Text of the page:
As Derrick Rose lay on the court after tearing his anterior cruciate ligament Saturday afternoon, the United Center crowd rained “MVP!” chants upon him and continued to do so as he was helped off the floor.
It's one of those lasting memories that perfectly captures the civic pride of Chicagoans and the love, respect and admiration they have for one of their own. Unfortunately, the rest of the world won't get an opportunity to appreciate Derrick Rose the way his hometown does.
Inside the Bulls locker room after Game 1, the feeling was similar to when family and close friends gather to mourn the loss of a loved one. The immediate thought was how Rose's injury could impact Chicago's dreams of an NBA Championship this season, but eventually, the reality of the bigger picture began to take shape.
The 2012 summer Olympics would've been Rose's first chance to compete on the largest sports stage in the world. It was supposed to serve as a launching pad to build upon his hometown hero status and make him an international star.
Rose got a small glimpse of international competition as a member of Team USA competing in the 2010 World Championships. But Rose was more of a role player, and Oklahoma City's Kevin Durant emerged as the true star on that team.
If he had been able to lead the Bulls deep into the playoffs – possibly to an NBA Championship – this season, playing at a high level in the Olympics this summer and winning a gold medal would’ve taken Derrick Rose's star status from "super" to "mega."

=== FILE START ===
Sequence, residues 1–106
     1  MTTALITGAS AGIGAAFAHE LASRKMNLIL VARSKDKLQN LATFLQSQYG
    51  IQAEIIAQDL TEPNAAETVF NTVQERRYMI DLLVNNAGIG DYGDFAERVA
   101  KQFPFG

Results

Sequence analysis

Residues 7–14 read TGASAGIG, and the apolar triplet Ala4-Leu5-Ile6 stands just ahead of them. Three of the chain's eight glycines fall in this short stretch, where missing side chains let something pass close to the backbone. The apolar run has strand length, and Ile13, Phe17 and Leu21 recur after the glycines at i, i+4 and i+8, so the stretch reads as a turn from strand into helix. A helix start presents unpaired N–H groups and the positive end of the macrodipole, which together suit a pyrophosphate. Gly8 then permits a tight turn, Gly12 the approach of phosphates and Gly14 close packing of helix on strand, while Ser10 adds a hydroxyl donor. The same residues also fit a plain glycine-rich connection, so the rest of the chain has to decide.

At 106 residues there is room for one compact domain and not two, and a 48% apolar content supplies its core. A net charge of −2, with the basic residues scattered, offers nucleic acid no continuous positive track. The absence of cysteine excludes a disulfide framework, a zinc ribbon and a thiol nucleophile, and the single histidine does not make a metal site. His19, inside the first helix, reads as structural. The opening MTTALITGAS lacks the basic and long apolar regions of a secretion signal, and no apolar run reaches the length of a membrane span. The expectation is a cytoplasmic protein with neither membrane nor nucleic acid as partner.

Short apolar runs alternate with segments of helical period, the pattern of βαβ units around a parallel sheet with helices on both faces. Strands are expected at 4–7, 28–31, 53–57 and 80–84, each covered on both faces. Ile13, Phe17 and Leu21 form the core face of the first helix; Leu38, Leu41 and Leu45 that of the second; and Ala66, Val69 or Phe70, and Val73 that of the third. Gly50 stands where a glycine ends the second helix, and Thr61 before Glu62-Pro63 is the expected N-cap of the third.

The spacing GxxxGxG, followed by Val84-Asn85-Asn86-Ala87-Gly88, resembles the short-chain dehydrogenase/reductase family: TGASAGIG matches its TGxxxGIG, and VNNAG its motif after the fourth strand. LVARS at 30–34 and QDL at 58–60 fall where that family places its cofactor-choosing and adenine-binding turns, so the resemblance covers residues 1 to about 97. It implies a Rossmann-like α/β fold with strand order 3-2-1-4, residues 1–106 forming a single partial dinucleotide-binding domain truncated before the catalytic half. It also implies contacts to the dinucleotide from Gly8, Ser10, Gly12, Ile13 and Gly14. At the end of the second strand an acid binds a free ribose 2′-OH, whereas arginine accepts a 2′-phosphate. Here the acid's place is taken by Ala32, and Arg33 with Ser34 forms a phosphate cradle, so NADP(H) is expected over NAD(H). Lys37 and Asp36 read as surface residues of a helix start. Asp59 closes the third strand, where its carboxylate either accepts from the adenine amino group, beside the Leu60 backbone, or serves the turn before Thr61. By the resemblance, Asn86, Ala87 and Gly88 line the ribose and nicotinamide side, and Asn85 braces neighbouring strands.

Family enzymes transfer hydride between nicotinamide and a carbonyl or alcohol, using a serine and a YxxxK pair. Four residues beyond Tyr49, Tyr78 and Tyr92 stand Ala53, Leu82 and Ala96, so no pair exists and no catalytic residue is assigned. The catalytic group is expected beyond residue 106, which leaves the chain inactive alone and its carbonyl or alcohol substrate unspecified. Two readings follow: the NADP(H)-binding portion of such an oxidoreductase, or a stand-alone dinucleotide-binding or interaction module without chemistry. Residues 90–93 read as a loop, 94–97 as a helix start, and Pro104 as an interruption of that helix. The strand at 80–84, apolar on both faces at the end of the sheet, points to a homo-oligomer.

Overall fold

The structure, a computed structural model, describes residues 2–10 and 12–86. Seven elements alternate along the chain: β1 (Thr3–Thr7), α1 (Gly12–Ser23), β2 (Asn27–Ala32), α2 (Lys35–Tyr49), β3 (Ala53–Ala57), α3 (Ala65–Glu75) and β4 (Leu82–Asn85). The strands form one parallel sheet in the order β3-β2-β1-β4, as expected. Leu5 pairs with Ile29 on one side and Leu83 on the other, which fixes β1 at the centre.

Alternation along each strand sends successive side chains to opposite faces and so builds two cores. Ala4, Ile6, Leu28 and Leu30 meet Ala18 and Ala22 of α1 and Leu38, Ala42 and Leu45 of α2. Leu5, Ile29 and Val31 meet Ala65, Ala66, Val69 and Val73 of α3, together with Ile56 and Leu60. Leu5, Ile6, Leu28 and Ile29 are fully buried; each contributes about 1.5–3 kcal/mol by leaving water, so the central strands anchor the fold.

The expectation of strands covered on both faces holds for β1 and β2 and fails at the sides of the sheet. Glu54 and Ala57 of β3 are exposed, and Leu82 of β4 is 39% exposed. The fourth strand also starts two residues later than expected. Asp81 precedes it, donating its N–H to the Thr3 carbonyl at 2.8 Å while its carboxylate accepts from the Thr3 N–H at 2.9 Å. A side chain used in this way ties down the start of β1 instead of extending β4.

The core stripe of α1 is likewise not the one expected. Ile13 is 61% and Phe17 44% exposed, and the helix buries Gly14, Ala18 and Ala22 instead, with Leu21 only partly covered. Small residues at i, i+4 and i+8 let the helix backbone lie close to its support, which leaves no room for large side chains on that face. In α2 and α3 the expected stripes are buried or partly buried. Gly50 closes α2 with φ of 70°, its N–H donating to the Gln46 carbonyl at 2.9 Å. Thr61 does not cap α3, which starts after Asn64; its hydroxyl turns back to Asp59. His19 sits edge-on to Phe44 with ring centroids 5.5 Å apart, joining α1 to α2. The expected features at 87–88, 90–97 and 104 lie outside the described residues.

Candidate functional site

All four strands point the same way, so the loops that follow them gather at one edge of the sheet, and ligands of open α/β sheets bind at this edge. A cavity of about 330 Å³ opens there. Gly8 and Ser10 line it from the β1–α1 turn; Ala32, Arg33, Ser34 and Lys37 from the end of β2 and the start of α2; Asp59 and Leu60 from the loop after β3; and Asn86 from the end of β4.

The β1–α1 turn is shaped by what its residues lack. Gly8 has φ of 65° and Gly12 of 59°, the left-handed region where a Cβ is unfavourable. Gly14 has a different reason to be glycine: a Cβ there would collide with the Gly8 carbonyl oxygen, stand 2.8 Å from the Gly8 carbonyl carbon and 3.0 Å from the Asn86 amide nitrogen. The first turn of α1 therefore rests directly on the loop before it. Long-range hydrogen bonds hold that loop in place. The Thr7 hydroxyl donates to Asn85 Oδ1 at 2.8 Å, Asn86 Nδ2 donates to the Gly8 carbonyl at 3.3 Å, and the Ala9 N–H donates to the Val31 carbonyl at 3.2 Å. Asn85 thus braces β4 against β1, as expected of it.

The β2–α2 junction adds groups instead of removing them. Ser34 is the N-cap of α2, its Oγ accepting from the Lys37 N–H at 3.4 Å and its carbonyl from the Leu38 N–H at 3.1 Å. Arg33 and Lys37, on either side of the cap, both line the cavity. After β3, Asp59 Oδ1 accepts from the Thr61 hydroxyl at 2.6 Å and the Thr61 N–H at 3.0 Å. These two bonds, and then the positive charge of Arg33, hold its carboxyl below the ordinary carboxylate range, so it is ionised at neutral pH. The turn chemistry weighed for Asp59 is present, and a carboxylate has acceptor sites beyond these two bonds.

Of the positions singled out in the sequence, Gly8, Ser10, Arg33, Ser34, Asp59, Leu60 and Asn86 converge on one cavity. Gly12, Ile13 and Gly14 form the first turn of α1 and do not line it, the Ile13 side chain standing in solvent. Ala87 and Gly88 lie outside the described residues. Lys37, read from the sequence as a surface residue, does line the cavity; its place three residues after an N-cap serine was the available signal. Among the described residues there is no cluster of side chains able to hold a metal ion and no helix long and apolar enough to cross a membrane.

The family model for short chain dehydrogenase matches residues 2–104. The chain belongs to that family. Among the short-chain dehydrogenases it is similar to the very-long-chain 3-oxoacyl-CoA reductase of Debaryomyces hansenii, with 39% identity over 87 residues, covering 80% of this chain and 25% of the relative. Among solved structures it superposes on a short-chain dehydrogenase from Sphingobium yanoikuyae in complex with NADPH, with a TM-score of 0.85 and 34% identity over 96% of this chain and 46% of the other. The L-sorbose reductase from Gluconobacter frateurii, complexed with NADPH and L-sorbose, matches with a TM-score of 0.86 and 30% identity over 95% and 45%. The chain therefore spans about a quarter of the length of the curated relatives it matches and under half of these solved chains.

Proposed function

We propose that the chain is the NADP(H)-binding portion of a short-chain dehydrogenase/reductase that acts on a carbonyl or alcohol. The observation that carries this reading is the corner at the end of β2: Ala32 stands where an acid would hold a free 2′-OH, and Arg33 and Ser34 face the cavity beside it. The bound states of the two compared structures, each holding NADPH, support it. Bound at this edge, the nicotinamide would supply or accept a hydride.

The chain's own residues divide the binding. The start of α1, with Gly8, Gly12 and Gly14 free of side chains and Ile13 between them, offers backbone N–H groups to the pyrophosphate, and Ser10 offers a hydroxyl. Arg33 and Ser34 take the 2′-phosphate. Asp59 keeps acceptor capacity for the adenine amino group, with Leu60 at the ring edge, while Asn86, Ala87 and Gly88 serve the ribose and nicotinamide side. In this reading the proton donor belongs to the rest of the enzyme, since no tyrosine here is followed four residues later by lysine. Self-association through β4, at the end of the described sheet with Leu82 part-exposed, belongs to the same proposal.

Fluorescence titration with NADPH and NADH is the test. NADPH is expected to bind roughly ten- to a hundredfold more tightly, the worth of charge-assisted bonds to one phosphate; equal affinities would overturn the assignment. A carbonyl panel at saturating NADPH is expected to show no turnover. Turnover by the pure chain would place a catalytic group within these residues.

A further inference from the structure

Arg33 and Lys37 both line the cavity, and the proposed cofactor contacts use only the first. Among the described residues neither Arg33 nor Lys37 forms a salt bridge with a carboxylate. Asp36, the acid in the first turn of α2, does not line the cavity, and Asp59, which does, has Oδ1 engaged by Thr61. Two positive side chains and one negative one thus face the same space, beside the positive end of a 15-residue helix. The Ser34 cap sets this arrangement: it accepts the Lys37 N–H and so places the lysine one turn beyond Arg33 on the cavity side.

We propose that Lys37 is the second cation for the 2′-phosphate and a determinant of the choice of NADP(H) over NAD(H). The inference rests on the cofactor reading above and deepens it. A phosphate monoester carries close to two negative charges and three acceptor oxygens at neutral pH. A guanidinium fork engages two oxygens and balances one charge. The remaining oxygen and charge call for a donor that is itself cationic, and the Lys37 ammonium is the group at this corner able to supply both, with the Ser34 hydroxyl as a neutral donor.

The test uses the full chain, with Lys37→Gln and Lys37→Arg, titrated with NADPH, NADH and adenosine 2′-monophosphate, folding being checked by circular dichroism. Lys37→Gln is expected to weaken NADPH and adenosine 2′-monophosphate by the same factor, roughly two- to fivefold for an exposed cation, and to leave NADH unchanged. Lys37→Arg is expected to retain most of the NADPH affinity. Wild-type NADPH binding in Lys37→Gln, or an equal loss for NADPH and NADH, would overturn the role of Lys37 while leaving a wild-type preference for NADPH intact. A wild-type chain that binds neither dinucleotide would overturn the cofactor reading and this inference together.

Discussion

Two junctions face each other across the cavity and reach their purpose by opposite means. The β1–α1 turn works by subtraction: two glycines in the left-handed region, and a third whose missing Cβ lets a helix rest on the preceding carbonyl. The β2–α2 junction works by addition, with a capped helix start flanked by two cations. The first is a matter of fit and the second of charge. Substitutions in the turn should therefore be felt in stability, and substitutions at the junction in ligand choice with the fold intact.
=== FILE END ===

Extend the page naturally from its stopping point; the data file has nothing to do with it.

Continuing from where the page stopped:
If Rose made it through the playoffs unscathed, not playing in the Olympics this summer would've been the best thing for him. Not playing, though, was never an option.
Luol Deng made the British National Team and was scheduled to compete in the Olympic games, but he may instead opt for surgery on his injured left wrist after the season, rendering him unable to compete this summer. Joakim Noah will suit up for Team France this summer, and Rose was definitely looking forward to joining his teammates in London.
Now everything must be put on hold.
At 23 years old, Derrick Rose will still be able to compete in future Olympics and have an opportunity to win gold medals. But it was all supposed to happen this summer, not four years from now.